According to Avicenna, whatever exists, while it exists, exists of necessity. Not all beings, however, exist with the same kind of necessity. Instead, they exist either necessarily per se or necessarily per aliud. Avicenna on the Necessity of the Actual: His Interpretation of Four Aristotelian Arguments explains how Avicenna uses these modal claims to show that God is the efficient as well as the final cause of an eternally existing cosmos. In particular, Celia Kathryn Hatherly shows how Avicenna uses four Aristotelian arguments to prove this very un-Aristotelian conclusion. These arguments include Aristotle's argument for the finitude of efficient causes in Metaphysics 2; his proof for the prime mover in the Physics and Metaphysics 12; his argument against the Megarians in Metaphysics 9; and his argument for the mutual entailment between the necessary and the eternal in De Caelo 1.12. Moreover, Hatherly contends, when Avicenna's versions of these arguments are correctly interpreted using his distinctive understanding of necessity and possibility, the objections raised against them by his contemporaries and modern scholars fail.
Celia Kathryn Hatherly is assistant professor of philosophy in the Humanities Department at MacEwan University.
Part One: God as The First Cause of Existence
Chapter One: The Modal Distinction in the Proof from the Metaphysics of the Healing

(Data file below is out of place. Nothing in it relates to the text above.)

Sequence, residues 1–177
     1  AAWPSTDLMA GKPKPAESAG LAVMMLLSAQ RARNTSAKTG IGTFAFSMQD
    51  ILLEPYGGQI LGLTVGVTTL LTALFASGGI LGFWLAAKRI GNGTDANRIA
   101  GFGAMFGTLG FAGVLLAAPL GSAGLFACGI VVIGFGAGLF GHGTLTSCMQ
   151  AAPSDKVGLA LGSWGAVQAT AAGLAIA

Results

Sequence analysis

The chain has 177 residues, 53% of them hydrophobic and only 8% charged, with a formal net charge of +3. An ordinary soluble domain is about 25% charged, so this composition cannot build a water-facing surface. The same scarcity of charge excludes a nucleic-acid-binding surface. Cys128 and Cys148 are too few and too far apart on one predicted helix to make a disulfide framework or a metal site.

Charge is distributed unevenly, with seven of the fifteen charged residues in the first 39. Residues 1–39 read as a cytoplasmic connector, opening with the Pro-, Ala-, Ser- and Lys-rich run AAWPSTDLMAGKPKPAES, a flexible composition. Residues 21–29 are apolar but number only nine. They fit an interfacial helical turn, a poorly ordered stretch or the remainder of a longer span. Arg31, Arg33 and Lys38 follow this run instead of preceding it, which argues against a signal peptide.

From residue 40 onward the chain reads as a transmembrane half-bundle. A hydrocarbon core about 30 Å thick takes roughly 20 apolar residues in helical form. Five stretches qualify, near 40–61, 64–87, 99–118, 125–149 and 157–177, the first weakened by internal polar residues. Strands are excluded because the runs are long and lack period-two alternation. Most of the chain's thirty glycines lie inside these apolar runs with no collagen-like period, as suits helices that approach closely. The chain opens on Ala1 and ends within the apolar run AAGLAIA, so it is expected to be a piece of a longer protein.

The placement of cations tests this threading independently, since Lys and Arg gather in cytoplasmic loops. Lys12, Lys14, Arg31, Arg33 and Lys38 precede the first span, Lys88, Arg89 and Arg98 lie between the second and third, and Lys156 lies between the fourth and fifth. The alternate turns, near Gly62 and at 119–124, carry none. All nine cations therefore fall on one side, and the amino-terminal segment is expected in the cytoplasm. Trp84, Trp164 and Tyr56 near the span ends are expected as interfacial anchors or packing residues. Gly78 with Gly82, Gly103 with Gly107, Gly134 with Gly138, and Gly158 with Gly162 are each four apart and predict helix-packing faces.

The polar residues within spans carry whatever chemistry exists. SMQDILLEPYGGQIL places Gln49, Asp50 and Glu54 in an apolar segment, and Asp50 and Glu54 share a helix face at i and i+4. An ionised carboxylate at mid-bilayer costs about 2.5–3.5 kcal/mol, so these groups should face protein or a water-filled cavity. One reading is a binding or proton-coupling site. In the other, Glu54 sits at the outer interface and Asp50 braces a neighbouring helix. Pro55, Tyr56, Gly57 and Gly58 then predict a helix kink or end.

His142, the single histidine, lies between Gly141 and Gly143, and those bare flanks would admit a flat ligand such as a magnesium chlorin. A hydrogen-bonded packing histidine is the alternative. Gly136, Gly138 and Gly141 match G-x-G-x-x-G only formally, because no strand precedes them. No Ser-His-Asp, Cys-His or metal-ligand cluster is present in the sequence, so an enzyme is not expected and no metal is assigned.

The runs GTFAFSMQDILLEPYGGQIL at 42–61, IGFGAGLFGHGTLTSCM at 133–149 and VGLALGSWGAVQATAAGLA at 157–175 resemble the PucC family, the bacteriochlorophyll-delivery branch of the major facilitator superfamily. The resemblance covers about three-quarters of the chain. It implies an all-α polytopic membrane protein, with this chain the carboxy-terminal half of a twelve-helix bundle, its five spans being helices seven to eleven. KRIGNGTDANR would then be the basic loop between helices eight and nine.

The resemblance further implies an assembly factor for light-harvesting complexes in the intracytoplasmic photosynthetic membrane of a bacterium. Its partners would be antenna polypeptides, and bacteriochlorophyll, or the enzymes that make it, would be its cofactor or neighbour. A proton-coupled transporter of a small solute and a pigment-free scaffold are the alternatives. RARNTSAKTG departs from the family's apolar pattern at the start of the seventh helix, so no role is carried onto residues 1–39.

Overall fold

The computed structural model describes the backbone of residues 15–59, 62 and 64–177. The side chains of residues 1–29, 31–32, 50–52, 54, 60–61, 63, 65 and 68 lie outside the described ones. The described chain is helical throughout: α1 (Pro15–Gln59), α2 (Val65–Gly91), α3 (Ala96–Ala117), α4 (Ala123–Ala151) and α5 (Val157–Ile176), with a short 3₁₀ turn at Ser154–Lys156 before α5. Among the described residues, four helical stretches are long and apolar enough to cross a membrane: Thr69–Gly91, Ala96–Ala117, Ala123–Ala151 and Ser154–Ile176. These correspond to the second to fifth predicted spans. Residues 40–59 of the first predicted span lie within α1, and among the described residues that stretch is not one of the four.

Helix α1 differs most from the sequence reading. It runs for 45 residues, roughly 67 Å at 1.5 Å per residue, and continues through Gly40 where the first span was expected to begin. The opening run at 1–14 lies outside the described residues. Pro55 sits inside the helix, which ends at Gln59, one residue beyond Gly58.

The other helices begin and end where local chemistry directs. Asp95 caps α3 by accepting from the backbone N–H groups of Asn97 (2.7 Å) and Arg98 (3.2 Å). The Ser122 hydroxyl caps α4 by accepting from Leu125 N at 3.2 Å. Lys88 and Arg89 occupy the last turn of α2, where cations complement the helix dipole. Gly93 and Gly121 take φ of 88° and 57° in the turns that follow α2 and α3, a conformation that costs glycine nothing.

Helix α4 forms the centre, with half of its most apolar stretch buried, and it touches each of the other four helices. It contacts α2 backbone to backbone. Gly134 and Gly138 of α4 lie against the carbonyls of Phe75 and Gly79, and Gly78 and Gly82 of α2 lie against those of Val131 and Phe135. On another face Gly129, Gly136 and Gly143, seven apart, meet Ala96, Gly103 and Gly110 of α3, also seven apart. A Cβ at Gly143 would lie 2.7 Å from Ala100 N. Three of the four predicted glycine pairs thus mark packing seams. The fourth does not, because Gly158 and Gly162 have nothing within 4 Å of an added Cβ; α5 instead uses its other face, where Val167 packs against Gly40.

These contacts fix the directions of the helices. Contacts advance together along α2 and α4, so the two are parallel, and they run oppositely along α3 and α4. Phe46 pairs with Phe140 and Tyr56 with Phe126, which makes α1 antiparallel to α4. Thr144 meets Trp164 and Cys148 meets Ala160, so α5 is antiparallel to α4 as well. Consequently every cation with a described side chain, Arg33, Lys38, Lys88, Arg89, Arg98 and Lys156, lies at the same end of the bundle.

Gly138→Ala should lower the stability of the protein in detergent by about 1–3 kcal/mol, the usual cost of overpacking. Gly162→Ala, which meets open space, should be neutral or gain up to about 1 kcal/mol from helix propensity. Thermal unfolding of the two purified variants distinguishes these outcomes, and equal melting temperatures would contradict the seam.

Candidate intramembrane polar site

Chapter Two: The Modal Distinction in the Proof in the Metaphysics of the Salvation
Part Two: God as The Ultimate Final Cause
Chapter Three: The First Efficient Cause as the Ultimate Final Cause
Chapter Four: The Role of the Proof from Motion
Part Three: The Eternity of the World
Chapter Five: Material Potency as a Principle of Change
Chapter Six: The Eternal and the Generable
The book is very well organized, and each part begins with preliminary remarks, which give the necessary context. Hatherly successfully unpacks Avicenna’s arguments, which often are very compact and at times elliptical. Her spelling out all the steps and clarifying how at times her interpretation differs from that of previous scholars are very illuminating. Yet, she does not get lost in detail; she always focuses on what the argument is designed to achieve and is not uncritical of them. She also makes good use of the Greek commentators, who already at times departed from Aristotle and began to adapt his arguments for their own purposes. Furthermore, she shows a mastery of the secondary literature and clearly highlights her own take on several debated issues with both clarity and courtesy.
Celia Kathryn Hatherly’s Avicenna on the Necessity of the Actual: His Interpretation of Four Aristotelian Arguments is a careful study of three closely related issues in Avicenna’s philosophical theology, namely, how Avicenna’s Necessary Existent is an efficient and final cause and its causal relation to the cosmos. While the arguments are well-known, Hatherly brings fresh insights into all three areas. Her analysis of the Necessary Existent’s final causality is particularly noteworthy, since she offers the most detailed study of that topic available to date. Both novices and veterans of medieval Islamic philosophy will find the book clear, accessible and intellectually stimulating.